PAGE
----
74 terms

Unit 5

Agricultural labor force
refers to services performed on a farm for an employing unit that is connected to cultivating soil
Calorie Consumption
a measure of how many calories you should eat
countries with higher levels of technology, education, and money per capita
countries with lower levels of technology, education, and money per capita
Cultural Convergence
the trends of disparate cultures to integrate and at the same time, retain their unique characteristics
Dependency Theory
certain types of political and economic relations between countries and regions of the world
improvements in technology and production as well as improvements in the social and economic welfare of people
Energy Consumption
The amount of energy consumed in the form in which it is acquired by the user
Foreign Direct Investment
measure of foreign ownership of productive assets, such as factories
social differences between men and women
Gross Domestic Product
values of goods and service produced within a country during a given year
Gross National Product
total value of the officially recorded goods and services produced by a country in a given year
Human Development Index
an index used to rank countries by level of "human development", which usually also implies whether a country is developed, developing, or underdeveloped.
Levels of development
factors used to measure how a country is progressing
Measures of development
we measure development by all sorts of grids, tallies and etc.
the entrenchment of the colonial order, under a new guise
Physical Quality of Life Index
an attempt to measure the quality of life or well-being of a country. The value is the average of three statistics: basic literacy rate, infant mortality, and life expectancy at age one
Purchasing Power Parity
uses the long-term exchange rate of two currencies to equalize their purchasing power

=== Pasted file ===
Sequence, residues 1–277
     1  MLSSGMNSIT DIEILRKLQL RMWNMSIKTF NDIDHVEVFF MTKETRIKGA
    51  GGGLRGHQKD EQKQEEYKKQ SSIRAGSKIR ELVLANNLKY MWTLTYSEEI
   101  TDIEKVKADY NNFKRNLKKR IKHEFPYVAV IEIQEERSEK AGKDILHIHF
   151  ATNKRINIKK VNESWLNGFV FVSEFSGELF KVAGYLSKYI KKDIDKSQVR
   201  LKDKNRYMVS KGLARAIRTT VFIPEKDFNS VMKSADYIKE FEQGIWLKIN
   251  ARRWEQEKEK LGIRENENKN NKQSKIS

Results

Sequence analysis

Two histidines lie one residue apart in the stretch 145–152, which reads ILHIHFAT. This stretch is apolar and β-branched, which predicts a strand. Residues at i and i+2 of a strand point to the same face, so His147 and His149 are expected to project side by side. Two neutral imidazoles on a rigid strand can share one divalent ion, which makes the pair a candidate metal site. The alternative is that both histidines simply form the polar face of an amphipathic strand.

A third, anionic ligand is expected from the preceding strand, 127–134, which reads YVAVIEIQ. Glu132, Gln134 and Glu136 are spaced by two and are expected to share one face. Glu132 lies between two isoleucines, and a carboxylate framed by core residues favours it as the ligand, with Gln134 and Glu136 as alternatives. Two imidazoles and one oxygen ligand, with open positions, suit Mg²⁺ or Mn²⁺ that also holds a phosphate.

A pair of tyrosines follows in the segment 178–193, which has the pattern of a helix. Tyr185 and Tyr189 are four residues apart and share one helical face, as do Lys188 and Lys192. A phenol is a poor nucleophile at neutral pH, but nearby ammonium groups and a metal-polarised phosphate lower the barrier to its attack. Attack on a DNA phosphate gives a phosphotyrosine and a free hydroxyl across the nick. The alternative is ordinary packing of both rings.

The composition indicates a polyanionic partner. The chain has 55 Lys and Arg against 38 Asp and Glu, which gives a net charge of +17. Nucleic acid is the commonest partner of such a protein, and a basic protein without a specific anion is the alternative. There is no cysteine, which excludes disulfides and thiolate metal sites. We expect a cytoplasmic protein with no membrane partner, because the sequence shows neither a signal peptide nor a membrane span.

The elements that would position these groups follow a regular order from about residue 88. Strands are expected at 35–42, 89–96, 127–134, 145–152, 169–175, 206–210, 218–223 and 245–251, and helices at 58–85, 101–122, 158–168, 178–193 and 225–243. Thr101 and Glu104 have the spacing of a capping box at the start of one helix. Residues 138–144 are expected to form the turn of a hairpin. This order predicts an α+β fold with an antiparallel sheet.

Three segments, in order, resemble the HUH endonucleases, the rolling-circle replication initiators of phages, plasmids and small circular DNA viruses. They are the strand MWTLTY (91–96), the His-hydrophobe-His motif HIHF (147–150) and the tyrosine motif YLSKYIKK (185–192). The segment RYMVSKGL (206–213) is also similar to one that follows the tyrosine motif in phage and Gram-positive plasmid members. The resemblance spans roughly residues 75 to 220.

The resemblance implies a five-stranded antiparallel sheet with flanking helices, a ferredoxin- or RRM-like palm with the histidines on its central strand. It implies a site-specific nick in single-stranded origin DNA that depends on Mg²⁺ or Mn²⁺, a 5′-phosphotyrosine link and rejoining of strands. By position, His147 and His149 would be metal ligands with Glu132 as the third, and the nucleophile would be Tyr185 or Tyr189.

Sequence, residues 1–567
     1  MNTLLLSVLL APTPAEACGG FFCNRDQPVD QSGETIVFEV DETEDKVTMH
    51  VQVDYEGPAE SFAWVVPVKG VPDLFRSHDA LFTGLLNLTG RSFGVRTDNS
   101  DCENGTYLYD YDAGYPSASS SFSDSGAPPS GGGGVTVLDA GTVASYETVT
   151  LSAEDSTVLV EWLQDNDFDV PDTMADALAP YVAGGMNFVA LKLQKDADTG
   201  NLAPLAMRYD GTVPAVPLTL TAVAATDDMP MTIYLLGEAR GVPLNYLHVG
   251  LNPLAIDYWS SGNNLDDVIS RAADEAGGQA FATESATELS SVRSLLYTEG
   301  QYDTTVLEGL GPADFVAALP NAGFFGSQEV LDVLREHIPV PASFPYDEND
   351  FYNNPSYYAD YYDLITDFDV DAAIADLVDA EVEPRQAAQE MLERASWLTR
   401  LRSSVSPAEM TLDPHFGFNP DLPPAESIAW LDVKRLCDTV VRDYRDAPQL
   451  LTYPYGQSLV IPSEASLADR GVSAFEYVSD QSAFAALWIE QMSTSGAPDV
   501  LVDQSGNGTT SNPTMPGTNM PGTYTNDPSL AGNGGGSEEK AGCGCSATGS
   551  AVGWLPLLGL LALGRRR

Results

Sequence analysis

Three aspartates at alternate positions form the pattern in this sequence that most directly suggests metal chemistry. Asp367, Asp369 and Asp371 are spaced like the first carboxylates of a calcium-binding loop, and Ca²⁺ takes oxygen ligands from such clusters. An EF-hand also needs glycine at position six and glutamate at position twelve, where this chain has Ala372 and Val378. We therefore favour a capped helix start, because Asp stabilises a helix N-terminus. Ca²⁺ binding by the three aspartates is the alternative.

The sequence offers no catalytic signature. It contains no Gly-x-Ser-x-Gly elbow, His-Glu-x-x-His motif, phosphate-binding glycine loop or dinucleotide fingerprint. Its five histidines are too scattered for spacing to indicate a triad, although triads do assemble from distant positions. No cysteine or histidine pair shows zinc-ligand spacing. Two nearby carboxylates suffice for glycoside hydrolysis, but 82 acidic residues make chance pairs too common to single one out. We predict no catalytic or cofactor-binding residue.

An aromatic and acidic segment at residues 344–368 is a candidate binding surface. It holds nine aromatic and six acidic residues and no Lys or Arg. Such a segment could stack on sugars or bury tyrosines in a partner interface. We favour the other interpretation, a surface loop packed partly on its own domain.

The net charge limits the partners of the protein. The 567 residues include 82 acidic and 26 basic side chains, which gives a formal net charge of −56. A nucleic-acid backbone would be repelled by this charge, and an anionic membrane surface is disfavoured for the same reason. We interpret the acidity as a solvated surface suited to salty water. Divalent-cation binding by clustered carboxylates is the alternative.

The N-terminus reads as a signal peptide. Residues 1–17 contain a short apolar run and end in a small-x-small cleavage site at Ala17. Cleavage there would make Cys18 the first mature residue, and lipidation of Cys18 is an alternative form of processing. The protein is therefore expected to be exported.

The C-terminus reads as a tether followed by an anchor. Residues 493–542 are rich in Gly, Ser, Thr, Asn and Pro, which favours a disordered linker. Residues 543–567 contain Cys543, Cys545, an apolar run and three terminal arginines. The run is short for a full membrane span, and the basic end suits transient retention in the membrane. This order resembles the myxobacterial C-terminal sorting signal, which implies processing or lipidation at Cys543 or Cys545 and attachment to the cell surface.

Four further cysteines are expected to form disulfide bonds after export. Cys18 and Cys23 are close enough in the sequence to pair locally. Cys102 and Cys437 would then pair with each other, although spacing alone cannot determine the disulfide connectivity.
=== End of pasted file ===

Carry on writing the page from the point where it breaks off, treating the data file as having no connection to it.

Rostow, W.W. "Stages of Growth" Model/ Traditional
dominant activity is subsistence farming
Stages of Growth 2/Preconditions of takeoff
leadership moves the country towards greater flexibility, openness, and diversification
Stages of Growth 3/Takeoff
country experiences an industrial revolution
Stages of Growth 4/Drive to maturity
international trade expands, modernization is evident, and technologies diffuse
Stages of Growth 5/High mass consumption
country experience high incomes, widespread production of goods and services
Technology gap
an advantage enjoyed by the country that introduces new goods in a market
Technology Transfer
the process of sharing of skills, knowledge, and technologies, to ensure that scientific and technological developments are accessible to a wider range of users
Third World
an underdeveloped country
World Systems Theory
proposes that social change in the developing world is inextricably linked to the economic activities of the developed world
when a substantial number of enterprises cluster in the same area, and can provide assistance to each other
Agglomeration Economies
used in urban economics to describe the benefits that firms obtain when locating near each other
Aluminum Industry
industry that makes aluminum
Assembly line production
a manufacturing process in which parts are added to a product in a sequential manner, using planned logistics to create a finished product fast
refers to various social theories about production
Bid rent Theory
a geographical economic theory that refers to how the price and demand for real estate changes as the distance from the Central Business District decreases
Break-of-bulk point
a location along a transport route where goods must be transferred from one carrier to another
Carrier efficiency
the efficiency of a process that converts chemical potential energy contained in a carrier fuel into kinetic energy or work
Comparative advantage
the ability of a party to produce a particular good or service at a lower opportunity cost than another party
Cumulative causation
A system undergoing positive feedback is unstable, it will tend to spiral out of control as the effect amplifies itself